The sound of a rooster crowing at dawn; delicious, farm-fresh eggs for breakfast; pest control; are just a few of the benefits of raising backyard chickens. In a fairly small amount of space and with very few supplies, you can easily start a backyard flock of your own.
Chickens are very easy to raise and care for. In fact, if you have space and foliage for them to free range, they will provide a lot of benefits and be very inexpensive to maintain. Their needs are few. My start in chicken farming was sudden, and I had no time to prepare or purchase supplies. When the chickens were first delivered, I put them in a fenced dog pen. The only “shelter” was a large dog house. I set out a couple of bowls with water in them. The next morning when I went out with a flashlight in hand to check on them, I didn't see a single chicken in the pen. I was horrified thinking that some predator had managed to come in during the night and wipe out the entire flock. That was lesson one in how easily chickens will adapt to their circumstances. All 25 of them had crowded into the dog house to keep warm during the night! I was lucky none had suffocated.
So, here is my quick, short list of the “must haves” for your flock.
Your chickens will need some sort of shelter. There are some pretty amazing chicken coop designs available in books and on the internet. This can be as simple or as extravagant as you want. You can purchase a ready-made chicken coop, or make one yourself. Basically, the shelter needs to provide them with protection from the elements (rain, snow, sun, heat) and from predators. When I first got my chickens, I was fortunate enough to have a little structure at the edge of the woods on my property. I disassembled it, moved the lumber to the fenced-in area, and rebuilt it. It's a simple, three-sectioned, wooden shack with a metal roof. I installed some dowels for “roosts”. If you have a problem with predators in your area, you will need to make sure the coop is predator-proof so that you can lock your chickens up safely at night. Raccoons are clever and will scale a fence, or dig under it with no trouble. So, simply having them fenced in isn't good enough. I lost a few hens to raccoons until I managed to secure the coop properly.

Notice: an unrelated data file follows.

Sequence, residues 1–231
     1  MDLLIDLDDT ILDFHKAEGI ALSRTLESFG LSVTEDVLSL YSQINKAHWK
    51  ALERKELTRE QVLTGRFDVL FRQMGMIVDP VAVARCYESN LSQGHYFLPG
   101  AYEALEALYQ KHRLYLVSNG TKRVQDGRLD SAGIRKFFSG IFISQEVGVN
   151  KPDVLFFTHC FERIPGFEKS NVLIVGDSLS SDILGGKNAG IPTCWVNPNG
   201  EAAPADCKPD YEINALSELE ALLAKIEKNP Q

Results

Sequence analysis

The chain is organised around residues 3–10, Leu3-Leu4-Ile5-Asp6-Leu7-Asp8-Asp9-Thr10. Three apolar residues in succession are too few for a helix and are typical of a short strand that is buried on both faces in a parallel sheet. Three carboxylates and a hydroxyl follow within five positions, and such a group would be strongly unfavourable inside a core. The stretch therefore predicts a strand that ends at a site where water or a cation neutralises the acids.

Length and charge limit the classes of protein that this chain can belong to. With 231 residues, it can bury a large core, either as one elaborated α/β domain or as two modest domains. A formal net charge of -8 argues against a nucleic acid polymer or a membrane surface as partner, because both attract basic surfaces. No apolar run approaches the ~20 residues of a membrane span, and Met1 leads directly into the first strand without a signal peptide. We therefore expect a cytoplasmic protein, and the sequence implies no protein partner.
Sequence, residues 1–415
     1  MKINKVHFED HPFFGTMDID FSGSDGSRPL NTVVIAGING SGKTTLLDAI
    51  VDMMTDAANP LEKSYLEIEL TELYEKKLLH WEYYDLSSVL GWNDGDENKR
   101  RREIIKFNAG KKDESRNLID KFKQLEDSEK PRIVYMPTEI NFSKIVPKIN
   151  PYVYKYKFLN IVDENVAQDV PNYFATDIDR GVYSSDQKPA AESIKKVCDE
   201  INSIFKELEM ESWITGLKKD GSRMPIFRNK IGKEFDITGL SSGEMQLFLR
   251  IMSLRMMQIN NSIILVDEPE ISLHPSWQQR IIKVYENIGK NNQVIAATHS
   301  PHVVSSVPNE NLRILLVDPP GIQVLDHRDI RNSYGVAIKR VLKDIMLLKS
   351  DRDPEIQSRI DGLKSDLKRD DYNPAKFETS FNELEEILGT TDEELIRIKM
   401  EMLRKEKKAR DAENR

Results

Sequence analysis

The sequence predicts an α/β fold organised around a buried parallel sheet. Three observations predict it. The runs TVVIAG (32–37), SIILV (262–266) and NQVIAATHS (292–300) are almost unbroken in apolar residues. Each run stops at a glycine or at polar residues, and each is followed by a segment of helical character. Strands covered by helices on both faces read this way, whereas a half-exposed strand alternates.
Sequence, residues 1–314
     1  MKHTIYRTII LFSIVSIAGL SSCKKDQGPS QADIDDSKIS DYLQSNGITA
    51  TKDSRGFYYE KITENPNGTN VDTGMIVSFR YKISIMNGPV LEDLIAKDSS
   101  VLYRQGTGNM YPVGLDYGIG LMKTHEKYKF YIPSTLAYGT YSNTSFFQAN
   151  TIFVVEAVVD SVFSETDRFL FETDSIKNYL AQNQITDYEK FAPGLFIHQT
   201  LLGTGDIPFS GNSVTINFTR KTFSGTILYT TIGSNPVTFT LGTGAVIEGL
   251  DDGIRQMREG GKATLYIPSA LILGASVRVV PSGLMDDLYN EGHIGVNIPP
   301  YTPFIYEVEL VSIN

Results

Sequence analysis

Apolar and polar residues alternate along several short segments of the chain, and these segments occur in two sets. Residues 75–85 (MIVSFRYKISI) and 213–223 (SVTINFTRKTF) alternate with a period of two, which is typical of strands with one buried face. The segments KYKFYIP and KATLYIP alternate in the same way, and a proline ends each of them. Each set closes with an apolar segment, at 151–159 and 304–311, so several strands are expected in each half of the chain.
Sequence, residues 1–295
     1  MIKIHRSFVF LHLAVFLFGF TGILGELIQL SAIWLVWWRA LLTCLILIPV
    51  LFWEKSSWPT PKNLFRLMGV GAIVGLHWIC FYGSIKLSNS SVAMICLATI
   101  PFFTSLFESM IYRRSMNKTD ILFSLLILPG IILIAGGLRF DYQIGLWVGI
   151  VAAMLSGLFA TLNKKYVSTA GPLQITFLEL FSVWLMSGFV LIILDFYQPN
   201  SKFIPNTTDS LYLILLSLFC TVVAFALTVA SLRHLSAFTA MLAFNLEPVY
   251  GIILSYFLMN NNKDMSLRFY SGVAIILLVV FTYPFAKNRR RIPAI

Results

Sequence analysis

Your chickens need a constant supply of fresh water. There are several styles of waterers available commercially. In addition to a couple of galvanized poultry waterers, I also set out metal dog food pans with water in various locations. If you are going to use bowls, make sure you buy heavy-duty ones with some weight to them, otherwise, your chickens will step in the bowls and you'll be refilling them several times a day.
Chickens will eat just about anything. If you have space and plant life and don't mind having chickens roaming around your property, let them free range. It will cut down on how much you have to feed them, and I firmly believe they will be healthier by foraging for fresh food in your yard. My chickens eat grass, leaves (they especially like poke salad), berries, grasshoppers, crickets, worms, and ticks – I've even seen them gobble up baby snakes and field mice. I supplement what they find on their own with kitchen scraps and a good laying feed.
These are the absolute “must haves”. There are other supplies you may want. But, these basics should allow you to get your flock off to a good start.
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